The Billfish Foundation (TBF) has done a lot to promote billfish conservation and has been instrumental in shifting past catch-and-kill practises to Tag & Release in most parts of the world. We fully support TBF and Tag & release all billfish from our game boats, the only exceptions being a fish that is clearly a National or World record.
1. To state the obvious – Fish can’t breathe out of the water and a billfish brought to the transom will almost certainly be, at the very least, ‘out of breath’. If you lift the fish out of the water, you are starving the fish of oxygen just when it needs it most. Imagine running up a flight of stairs and then trying to hold your breath when you get to the top.
2. Fish have a protective coat of slime on their bodies that helps them fight infection and parasites. In hauling out a large fish and handling (even with gloves), you will inevitably damage or remove some of this coating.
3. The billfish’s skeleton is designed to support the fish in water – not in air. If you haul a sailfish over the transom and try to hold it up, you are probably causing internal damage which may later kill the fish.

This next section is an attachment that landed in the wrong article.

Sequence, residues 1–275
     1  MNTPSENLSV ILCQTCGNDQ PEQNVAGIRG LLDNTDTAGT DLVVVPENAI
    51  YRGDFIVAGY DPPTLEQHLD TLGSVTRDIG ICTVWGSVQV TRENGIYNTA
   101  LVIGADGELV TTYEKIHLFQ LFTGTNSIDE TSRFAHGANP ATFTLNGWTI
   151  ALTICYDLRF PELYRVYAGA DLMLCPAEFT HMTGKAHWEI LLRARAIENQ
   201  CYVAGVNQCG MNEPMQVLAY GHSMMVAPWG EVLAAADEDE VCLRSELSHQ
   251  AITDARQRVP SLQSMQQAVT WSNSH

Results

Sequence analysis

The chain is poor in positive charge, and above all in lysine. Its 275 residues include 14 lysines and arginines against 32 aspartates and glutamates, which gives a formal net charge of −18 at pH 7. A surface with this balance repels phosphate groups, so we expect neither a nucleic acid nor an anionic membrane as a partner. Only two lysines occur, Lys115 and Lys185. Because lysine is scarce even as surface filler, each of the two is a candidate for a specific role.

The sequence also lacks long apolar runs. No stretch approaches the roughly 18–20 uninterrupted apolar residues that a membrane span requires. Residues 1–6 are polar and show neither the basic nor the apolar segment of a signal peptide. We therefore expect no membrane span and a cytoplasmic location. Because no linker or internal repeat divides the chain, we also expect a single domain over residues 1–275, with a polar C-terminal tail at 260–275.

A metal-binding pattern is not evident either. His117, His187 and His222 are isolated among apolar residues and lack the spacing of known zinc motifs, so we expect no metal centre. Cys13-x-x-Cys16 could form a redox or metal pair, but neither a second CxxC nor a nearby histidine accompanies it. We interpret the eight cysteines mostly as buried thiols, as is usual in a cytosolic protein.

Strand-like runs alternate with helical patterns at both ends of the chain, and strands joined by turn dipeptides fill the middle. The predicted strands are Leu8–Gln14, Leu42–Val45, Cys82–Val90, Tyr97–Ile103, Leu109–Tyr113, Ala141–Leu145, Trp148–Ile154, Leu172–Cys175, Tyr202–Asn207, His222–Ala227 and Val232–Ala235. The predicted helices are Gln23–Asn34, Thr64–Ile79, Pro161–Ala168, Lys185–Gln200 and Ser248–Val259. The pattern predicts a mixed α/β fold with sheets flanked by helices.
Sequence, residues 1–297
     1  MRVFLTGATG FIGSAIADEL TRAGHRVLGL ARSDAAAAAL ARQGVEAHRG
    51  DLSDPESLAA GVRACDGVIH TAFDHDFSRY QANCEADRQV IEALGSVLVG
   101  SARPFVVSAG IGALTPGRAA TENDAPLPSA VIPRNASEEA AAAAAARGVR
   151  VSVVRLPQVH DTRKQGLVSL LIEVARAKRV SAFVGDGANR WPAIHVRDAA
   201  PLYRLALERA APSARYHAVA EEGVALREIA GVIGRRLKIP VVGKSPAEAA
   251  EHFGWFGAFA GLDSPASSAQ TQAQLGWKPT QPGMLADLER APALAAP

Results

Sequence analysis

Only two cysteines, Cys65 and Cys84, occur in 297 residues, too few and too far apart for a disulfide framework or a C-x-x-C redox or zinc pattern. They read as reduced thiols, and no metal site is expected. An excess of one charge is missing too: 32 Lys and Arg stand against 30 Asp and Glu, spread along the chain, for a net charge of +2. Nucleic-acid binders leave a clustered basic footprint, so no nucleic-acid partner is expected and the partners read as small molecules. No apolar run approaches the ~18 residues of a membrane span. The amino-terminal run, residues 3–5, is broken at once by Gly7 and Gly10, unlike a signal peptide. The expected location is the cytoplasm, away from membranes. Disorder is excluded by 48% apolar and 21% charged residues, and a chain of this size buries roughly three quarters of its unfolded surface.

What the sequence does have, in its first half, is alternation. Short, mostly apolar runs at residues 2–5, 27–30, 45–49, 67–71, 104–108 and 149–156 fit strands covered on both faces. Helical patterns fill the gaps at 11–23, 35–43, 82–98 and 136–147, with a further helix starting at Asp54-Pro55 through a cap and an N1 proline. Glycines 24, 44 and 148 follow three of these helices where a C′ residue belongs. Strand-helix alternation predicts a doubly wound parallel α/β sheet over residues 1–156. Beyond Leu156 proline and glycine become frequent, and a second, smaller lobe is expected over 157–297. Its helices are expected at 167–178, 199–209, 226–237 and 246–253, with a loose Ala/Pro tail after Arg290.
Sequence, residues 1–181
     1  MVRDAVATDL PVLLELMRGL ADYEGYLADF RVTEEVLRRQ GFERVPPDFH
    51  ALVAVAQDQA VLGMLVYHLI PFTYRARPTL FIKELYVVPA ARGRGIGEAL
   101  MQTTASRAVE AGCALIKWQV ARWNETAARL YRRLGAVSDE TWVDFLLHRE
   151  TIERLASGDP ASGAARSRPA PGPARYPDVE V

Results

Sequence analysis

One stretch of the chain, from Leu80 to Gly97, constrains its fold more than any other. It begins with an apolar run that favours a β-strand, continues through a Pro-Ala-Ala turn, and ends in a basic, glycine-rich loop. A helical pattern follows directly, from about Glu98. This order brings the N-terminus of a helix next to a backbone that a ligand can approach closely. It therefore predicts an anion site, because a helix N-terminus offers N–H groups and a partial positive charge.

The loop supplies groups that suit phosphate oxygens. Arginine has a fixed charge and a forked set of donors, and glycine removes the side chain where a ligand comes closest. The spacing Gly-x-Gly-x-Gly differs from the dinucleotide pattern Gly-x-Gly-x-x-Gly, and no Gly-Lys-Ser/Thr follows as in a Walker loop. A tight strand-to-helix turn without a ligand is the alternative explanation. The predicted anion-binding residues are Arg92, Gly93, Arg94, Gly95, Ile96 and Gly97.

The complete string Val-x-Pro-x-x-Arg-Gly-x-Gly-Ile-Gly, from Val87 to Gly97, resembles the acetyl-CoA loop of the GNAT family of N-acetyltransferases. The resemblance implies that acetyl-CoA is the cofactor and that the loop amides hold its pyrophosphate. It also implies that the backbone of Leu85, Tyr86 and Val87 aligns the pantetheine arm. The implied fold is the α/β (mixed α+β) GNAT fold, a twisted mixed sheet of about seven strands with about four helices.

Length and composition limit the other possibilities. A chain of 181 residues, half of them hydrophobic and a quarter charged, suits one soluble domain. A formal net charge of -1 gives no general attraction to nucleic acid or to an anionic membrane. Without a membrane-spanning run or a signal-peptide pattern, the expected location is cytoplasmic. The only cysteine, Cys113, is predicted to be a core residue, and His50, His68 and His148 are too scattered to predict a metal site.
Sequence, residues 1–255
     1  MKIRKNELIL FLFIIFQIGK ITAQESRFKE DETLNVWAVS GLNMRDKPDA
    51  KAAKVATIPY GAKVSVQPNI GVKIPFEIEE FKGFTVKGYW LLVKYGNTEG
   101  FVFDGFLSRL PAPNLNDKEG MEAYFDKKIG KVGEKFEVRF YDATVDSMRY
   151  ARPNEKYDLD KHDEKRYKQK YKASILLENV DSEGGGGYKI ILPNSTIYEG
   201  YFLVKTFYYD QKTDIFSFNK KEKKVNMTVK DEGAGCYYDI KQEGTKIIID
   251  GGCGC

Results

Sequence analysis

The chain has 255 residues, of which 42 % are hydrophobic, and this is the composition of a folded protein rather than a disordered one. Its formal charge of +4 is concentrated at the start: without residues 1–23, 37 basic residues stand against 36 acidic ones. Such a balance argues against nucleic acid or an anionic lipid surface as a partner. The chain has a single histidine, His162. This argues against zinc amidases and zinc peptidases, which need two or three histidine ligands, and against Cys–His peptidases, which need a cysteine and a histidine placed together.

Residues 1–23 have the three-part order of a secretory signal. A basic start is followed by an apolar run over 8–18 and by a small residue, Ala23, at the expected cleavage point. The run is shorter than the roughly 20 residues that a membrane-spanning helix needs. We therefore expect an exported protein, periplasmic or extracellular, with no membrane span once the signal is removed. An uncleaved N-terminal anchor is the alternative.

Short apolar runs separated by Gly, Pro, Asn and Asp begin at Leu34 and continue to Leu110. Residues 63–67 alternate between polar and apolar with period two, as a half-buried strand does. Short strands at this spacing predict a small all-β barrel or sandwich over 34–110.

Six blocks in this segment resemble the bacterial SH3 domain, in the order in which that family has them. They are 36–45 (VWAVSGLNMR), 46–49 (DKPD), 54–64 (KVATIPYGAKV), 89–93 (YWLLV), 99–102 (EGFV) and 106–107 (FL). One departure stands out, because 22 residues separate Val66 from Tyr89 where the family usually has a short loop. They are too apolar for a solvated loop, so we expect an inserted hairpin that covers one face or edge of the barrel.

4. A thrashing billfish in the cockpit? Are you nuts? It’s just going to injure itself and maybe you too! If the fish is so exhausted that it can’t kick, lifting it out of the water and starving it of oxygen is likely to be the last straw.
We have, in the past removed a couple of sailfish from the water for photographs. We don’t do it any more. Nowadays, we photograph all billfish in the water after the fish has been tagged and the hook removed. Photos are a wonderful reminder of past memories for our guests and even more so to see their catch gently swimming behind the boat before release. We recommend you consider following the advice of The Billfish Foundation not to remove your catch from the water.
The whole point of Tag & Release is to gather scientific information for future conservation purposes and to release the fish unharmed. If you haul a billfish out of the water, you are damaging and possibly killing the very thing you are trying to conserve and protect.
Not much sense in that is there?